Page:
• If they were wearing outward signs of belonging to a racist culture


  • If there was no, or only slight, provocation


  • If there is no other explanation for the incident







Whether or not  the pupil(s) responsible intended their behaviour to be racist is irrelevant. Of course, when it comes to dealing with an incident, their intentions and attitudes are an important consideration, but at the stage of initial recording and investigating, motivation and awareness are not the main issue.


Racist incidents can involve any of the following:


  • Verbal abuse, threats and name-calling
  • Racist graffiti
  • Racist comments in the course of discussions
  • Physical intimidation
  • Violent attacks because of a person’s colour, ethnicity, nationality or religion
  • Incitement of others to behave in a racist way
  • Refusal to co-operate/work with other pupils because of their colour, ethnicity,
    nationality or religion
  • Ridicule of cultural differences e.g. food, dress, language, names, appearance
  • Racist jokes (including those circulated on mobile phones and via the internet)
  • Damage caused to a person’s property
  • Possession/distribution of racist material
  • Wearing racist badges/insignia
    In order to work towards the elimination for racism, promote a climate of respect and understanding and prepare children for life in an inter-cultural and increasingly global society, we will employ the following strategies:
  • Place value on different ethnic groups, cultures and languages in our multi racial / cultural society, recognising that culture is central to a child’s identity and foster these cultures and incorporate them into our learning environment.
  • Ensure that each child is valued as an individual.
  • Regard bilingualism as an asset. 
  • Ensure that lack of fluency in English will not be used as an indication of academic  potential.
  • Give equal status to all ethnic groups and hold appropriately high expectations of all children.
  • Foster a climate where children are confident in reporting and discussing racism.
  • Ensure our curriculum:
  • Reflects and values cultural diversity and the wide range of social and ethnic groups in society and will allow other cultures to be described in their own terms.
  • Leads to an understanding of other cultures and lifestyles
  • Enables children to develop the ability to recognise inequality, prejudice, stereotyping and equip children with the knowledge and skills to challenge them, that is incorporates anti racist teaching strategies.
  • Avoids racial or cultural stereotypes.  Those in classical literature that cannot be avoided should be explained to children and contextualised.

As an organisation we should actively counter discrimination, prejudice and inappropriate behaviour and statements by children whenever they occur




Racist incidents will be logged and monitored for patterns of behaviour.  Subject managers will monitor the content of the curriculum to ensure it includes opportunities to address issues of equality and has in inter-cultural and global outlook.




  • Staff are confident to deal with racist incidents quickly and sensitively
  • Pupils brings racist incidents to the attention of staff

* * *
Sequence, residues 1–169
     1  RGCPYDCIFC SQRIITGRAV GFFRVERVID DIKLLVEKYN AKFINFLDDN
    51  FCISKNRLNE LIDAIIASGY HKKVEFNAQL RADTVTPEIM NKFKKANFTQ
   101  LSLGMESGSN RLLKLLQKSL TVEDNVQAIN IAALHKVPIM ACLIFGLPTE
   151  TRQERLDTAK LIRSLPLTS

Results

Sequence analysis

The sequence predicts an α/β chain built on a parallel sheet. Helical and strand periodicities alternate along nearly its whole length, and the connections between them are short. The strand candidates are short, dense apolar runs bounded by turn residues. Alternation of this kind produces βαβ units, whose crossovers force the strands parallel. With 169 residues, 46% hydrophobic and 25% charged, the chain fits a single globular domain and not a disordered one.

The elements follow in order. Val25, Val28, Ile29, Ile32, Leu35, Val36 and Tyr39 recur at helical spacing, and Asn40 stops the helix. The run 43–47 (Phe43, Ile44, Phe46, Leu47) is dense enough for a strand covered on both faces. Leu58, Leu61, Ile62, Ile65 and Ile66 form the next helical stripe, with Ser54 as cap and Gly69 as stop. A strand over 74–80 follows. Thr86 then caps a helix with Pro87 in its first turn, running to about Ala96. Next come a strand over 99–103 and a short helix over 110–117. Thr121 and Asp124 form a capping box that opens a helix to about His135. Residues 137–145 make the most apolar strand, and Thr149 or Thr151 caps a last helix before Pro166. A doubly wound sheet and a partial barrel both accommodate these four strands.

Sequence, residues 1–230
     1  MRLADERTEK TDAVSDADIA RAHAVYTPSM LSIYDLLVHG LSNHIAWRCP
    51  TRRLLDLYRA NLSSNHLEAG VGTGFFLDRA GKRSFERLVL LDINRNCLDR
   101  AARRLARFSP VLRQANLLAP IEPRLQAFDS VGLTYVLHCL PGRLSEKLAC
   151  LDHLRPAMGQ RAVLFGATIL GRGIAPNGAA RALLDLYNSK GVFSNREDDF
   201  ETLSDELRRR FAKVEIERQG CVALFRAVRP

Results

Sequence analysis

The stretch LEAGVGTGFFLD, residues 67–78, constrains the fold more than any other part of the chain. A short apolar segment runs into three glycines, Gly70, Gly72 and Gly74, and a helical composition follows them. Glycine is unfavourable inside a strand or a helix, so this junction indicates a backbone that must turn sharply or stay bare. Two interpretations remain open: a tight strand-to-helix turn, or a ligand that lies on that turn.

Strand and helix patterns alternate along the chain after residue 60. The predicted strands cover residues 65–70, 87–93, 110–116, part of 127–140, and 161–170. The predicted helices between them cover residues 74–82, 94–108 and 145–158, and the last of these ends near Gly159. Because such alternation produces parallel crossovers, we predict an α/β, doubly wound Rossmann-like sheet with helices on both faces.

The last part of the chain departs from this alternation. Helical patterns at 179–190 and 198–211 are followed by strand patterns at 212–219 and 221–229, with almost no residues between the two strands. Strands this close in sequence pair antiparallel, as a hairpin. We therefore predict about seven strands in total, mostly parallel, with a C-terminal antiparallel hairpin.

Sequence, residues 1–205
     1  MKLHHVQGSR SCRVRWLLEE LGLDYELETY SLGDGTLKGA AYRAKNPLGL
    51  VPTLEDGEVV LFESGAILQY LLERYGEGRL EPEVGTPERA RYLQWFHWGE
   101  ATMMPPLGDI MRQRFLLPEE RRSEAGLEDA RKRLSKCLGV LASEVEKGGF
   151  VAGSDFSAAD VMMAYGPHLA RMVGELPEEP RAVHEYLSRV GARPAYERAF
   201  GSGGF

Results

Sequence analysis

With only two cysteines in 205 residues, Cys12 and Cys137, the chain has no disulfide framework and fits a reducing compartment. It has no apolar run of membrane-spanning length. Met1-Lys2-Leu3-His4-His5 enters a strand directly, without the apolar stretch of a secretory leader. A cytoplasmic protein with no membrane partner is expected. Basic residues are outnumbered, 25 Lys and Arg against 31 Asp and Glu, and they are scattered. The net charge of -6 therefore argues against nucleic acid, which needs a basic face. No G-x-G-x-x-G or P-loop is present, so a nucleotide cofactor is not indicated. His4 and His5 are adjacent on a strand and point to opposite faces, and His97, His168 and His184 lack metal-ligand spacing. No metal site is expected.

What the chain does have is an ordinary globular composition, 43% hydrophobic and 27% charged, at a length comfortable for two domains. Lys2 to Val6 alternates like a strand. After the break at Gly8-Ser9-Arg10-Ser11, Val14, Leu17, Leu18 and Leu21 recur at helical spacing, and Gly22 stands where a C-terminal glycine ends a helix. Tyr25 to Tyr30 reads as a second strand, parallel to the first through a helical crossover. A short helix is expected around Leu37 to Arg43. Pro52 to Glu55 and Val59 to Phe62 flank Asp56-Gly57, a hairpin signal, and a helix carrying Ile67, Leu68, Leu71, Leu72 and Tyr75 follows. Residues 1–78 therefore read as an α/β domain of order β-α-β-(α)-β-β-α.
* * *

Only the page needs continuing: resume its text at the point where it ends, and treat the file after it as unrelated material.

• The curriculum reflects an anti-racist, inter cultural and global outlook
  • All pupils are successfully integrated into the life of the school whatever their heritage or background




Racist incidents must be taken seriously however trivial they may seem in isolation.  They are very hurtful and demeaning to the individual, while institutionally they have the potential to negate the validity of the school community.


A racist incident should be reported to a senior member of staff and the incident recorded using the racist form and fully investigated.


It needs to be explained to the perpetrator and the victim that racism is not acceptable.  Sanctions will be dealt with in accordance with school discipline policy involving parents as appropriate.


The school reports all racist incidents and reports them to the pupils parents, school governors and the LEA.  If a positive response is not received from parents, the matter may need to be taken up with the Governing Body and / or referred to the school education officer.




Young children may not understand the full meaning of their words and actions but if they go unchecked they are likely to develop behaviour which is damaging to themselves and others.


Even when we feel that a comment or incident is “harmless” (not intentionally racist), we have a responsibility to intervene and counsel.  If we do not we effectively condone what has happened.






Consequently the school and all its staff will clearly state opposition to such incidents and make it clear that they are unacceptable.


We need to reinforce that it is the behaviour and not the child that is unacceptable.


Victims, onlookers and the perpetrator will be positively supported.  The victim should retain some control over the outcome of the matter.


If we deal with incidents, racist or otherwise in isolation nothing will change.  Part of our strategy to eliminate incidents must involve promoting a climate which fosters a sense of self worth and respect for others as well.  We also need to empower children they must be involved and feel confident that they will be listened to and that any incident will be dealt with.  In addition we need some degree of anti-racist teaching in our curriculum.  Hence only the implementation of this policy as a whole will significantly work towards the achievement of equality of opportunity.